We now work with over 40 restaurants across the country and make work for special events including the Austin City Limits Festival, SXSW (South by Southwest), and Billy Reid Shindig. For that to happen, we’ve changed how we make things. Instead of throwing everything as I did for the first part of my studio career, we use a Shimpo jiggering arm to help keep our productivity up and our wares consistent. I currently have a team of three people in the studio. In addition to jiggering, we use slip casting for some projects and we’re still making some slab-built dinnerware from our original hospitality collection. Our largest order for a restaurant was for Alex Stupak’s flagship restaurant, Empellon, in midtown Manhattan. We made over 3500 pieces, with about half of them being fully custom pieces, including a ceramic tortilla warmer. We had to make 75 stackable vessels whose lids could be interchanged. Obviously, within a restaurant setting there was no way each lid could stay with its original base. This was a challenge as I had spent the majority of my life as a studio potter making lidded vessels one at a time.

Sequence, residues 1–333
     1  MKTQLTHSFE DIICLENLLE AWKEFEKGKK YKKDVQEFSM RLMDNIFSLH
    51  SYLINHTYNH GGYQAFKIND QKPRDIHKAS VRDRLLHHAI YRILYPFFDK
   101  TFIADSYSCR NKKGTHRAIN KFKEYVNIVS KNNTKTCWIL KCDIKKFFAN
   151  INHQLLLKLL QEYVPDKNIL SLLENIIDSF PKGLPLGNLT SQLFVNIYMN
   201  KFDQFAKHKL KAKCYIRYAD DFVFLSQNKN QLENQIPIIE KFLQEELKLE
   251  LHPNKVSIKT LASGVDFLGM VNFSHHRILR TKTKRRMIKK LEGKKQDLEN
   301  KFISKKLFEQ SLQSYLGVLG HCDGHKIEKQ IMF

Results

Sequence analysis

The mantra in our studio is always “solve one problem, create another.” That’s what keeps us moving forward and allows us to continuously improve. Working with chefs has only accelerated finding and solving those problems. All of these opportunities created the question of if and how to scale our studio. After an enormous amount of thought, I decided that we’re going to continue to grow organically. There are plenty of studios that are scaling big and it’s inspiring to watch from afar; however, through introspection I realized that wasn’t the right move for me. I like my small and dedicated team. As we continue to improve how we make things, that will continue to open up more opportunities for us. This still gives me time to work as an independent artist and make one-off pieces. I like the scale of the projects we work on and value the direct relationships that I have with all of our clients.